Choosing a Storage Facility or Unit
5 Star Storage | January 14, 2019 @ 12:00 AM
Enjoy our best tips on how to choose a storage unit below. If you need to help choosing a storage facility, we cover several different situations you might be in.
1. Do you need to rent a unit for the long-term or the short-term?
You might be storing things just to sell them online soon, or you might be storing furniture that’s too large for your new place. Be honest with yourself about how long you’re going to keep things. If you want to save money, plan how to move your things soon and then work that plan. Put a specific time on your calendar to clean out your unit.
2. How much space do you really need?
You could use less storage space than you might think at first, and renting a unit that’s too big for your possessions could be a waste of money. After you clean your home, some things can be donated or sold at a yard sale. You can pack things in boxes and stack them a little better to save space (remembering to put fragile items on the top).
On the other hand, if you rent a too-small unit to save money, you might pack it too full and break something. You could measure the biggest things you have and count up your boxes to get a rough estimate of the amount of space you need. You can also talk to the management of your self storage business for space-saving ideas.
3. Using self storage when moving to a new home.
It’s not easy to coordinate the date you close on your new home with the date you want to move, the date when your previous home sells, the date when you start a new job, and so on. A self storage unit can help you bridge those time gaps, as well as giving you a place to put things when you move to a new region and haven’t started moving in yet. Usually, you’ll get a unit just for the short-term in these situations.
4. When you move, should you rent a storage unit near your previous home or near your new home?
You should compare the price of storage units near your previous house and your new house, along with the crime rates of neighborhoods in each area and the security measures the storage businesses use. You can also ask yourself if you will have more help loading and unloading your things in one location or another. Finally, find out how easy it is to get your things out at different times of day in each location.
5. If you’re going to move, decide if you want to pack and store your possessions yourself or hire movers.
You can actually hire expert movers to pack up your home, move your things to a storage unit, and then move them to your new home. Not all movers are the same, though, so you’ll need to research movers before hiring one. Hiring movers adds another expense to your moving costs, but packing and storing your stuff on your own also will require you to pay for your own insurance (which otherwise is the mover’s responsibility).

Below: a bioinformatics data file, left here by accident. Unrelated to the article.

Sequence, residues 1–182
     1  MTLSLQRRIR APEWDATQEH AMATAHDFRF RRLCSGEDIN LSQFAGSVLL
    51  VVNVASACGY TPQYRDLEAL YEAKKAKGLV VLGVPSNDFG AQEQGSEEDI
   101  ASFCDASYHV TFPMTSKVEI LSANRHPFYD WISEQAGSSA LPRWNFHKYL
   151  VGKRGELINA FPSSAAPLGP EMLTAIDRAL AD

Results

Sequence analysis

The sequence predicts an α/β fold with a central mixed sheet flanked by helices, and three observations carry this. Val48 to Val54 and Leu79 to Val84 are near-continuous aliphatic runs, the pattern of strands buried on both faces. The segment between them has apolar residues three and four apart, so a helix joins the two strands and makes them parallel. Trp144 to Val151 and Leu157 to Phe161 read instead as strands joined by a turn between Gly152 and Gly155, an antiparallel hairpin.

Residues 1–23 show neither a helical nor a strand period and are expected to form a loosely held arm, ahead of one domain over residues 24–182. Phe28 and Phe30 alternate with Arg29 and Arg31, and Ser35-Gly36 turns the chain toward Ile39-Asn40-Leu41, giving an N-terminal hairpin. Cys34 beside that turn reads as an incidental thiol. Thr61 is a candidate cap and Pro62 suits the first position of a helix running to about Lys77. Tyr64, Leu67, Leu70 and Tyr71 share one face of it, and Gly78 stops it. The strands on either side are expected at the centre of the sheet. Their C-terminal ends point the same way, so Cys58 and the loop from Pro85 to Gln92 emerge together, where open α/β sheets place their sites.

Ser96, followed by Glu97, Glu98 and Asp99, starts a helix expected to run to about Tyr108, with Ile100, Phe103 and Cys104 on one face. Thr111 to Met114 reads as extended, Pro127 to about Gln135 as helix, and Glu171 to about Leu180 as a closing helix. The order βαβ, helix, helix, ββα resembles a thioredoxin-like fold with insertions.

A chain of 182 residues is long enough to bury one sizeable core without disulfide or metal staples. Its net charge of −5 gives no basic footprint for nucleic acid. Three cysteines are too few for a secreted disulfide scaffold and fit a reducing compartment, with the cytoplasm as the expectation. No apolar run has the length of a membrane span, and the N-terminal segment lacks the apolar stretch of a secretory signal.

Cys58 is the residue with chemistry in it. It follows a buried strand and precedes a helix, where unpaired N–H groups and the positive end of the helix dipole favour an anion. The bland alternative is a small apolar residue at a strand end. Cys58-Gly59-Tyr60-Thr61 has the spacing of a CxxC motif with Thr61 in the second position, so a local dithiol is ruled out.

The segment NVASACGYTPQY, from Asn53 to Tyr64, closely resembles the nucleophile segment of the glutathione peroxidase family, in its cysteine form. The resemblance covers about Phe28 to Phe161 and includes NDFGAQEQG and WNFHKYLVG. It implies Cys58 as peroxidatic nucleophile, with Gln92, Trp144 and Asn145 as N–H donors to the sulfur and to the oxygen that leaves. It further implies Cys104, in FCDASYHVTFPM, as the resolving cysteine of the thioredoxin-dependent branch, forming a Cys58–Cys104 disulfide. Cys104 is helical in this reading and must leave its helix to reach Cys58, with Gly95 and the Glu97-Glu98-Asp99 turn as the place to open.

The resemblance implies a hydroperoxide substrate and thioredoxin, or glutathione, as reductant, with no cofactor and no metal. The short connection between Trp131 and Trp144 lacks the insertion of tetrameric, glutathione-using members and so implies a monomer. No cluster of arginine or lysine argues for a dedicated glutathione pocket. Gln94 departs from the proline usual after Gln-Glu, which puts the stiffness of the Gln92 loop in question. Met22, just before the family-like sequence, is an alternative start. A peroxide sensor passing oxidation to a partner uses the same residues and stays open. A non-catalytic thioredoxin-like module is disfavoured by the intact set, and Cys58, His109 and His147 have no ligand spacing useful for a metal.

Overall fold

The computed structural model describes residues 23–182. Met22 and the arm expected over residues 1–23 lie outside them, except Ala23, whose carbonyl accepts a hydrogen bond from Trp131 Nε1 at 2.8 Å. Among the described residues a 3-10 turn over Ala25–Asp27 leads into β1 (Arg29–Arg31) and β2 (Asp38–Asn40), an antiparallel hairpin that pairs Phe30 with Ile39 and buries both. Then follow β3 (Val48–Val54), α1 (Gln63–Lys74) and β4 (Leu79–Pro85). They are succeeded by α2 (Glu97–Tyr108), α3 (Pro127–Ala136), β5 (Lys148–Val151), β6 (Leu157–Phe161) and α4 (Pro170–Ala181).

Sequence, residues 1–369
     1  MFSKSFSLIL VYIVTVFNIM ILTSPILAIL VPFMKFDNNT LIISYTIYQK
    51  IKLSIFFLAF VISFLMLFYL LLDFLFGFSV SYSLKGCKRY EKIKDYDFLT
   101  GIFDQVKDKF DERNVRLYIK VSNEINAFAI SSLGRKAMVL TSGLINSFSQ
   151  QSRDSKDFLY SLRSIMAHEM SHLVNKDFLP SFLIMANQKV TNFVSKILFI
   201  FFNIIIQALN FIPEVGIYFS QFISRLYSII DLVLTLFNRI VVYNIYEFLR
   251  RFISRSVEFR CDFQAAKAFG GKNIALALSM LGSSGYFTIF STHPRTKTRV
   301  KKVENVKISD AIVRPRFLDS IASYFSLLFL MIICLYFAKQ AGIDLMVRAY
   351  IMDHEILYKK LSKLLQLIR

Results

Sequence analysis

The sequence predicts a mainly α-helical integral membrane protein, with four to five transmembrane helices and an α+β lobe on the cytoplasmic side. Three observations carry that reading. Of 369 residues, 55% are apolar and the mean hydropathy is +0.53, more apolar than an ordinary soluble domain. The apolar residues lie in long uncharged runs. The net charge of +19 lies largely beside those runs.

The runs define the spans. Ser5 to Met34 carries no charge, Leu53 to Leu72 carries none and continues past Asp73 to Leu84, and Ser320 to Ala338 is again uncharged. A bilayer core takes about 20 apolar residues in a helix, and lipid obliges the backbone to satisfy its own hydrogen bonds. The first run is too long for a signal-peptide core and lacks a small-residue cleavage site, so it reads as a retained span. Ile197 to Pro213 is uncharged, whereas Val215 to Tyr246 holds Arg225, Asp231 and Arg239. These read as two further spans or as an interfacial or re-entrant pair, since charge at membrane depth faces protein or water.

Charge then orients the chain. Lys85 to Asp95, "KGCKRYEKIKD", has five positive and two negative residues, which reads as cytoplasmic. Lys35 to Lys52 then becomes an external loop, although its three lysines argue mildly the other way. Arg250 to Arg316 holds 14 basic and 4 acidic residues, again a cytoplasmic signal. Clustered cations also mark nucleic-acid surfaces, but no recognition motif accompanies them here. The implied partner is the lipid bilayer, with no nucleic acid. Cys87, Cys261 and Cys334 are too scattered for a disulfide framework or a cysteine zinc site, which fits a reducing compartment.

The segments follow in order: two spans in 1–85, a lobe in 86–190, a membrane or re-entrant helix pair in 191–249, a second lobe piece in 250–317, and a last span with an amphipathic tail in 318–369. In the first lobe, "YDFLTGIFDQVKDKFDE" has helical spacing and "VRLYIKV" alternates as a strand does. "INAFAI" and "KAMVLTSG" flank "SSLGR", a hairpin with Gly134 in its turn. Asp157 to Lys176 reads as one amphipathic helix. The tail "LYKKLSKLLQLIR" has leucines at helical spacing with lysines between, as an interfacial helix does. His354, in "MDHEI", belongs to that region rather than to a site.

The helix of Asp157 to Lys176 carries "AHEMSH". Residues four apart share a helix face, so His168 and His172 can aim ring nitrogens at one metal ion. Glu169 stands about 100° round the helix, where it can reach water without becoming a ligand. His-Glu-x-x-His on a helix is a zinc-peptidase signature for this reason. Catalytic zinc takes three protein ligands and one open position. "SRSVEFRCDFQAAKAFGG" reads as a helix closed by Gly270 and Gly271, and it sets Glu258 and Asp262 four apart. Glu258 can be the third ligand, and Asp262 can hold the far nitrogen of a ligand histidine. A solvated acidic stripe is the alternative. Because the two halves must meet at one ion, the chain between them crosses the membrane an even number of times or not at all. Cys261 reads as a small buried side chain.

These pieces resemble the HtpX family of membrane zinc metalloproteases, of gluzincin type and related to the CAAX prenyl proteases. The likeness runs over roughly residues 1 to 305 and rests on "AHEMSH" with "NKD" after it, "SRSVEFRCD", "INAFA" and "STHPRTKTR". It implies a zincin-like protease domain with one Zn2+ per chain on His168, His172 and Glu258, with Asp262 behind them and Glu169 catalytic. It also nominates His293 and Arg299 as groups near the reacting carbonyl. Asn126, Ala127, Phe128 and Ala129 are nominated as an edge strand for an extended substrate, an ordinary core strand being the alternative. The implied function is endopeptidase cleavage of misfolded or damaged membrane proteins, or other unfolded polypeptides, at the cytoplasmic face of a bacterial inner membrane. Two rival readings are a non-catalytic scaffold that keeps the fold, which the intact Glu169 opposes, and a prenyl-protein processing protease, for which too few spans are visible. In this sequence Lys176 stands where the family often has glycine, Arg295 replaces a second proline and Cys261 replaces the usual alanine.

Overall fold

6. Would you like to pack a mobile storage unit at your own property?
Some companies can bring mobile storage unit to your home, and they’ll give you some time to pack it yourself. When you’re ready, they’ll transport it to your new home and give you a good amount of time to unpack it. For an additional charge, they can also help you pack.
7. Check if any of your possessions can be damaged by extreme temperature, moisture, or dust.
You might need a climate-controlled unit if you want to store valuable like furs, wine, computers, televisions, stereos, or documents. You can check if your storage facility can rent you a dust-free unit for sensitive electronic equipment.
8. Do you need to rotate summer and winter items in your storage unit?
If you want to switch between seasonal items in the same storage unit, make sure you plan for the sizes of all your things, as well as any dust and climate control needs. Will your unit work equally well for summer and winter items? Consider outdoor furniture, pool equipment, skis, snow blowers, snowmobiles, and shovels.
9. Can you get to your possessions at any time?
Some self storage businesses don’t give you access to your unit during certain hours. Each facility has its own rules. This might not be vital to you, so you’ll just need to decide how important it is for you and find out the access hours at your facility before you sign on the dotted line.
10. Do you need to store cars, other motor vehicles, or campers?
If you’re choosing a storage unit for a vehicle or vehicles, look for a few things: climate control if your vehicle requires it, a trustworthy facility, and good security features. If you get these considerations out of the way, you’ll sleep easier at night.
11. Is the facility safe and secure?
Check each facility you consider for security cameras, good lighting, motion-activated lights, alarms, and fences. You might also want an onsite manager at the facility who will closely monitor visitors and can see if anyone is acting suspiciously and call the police.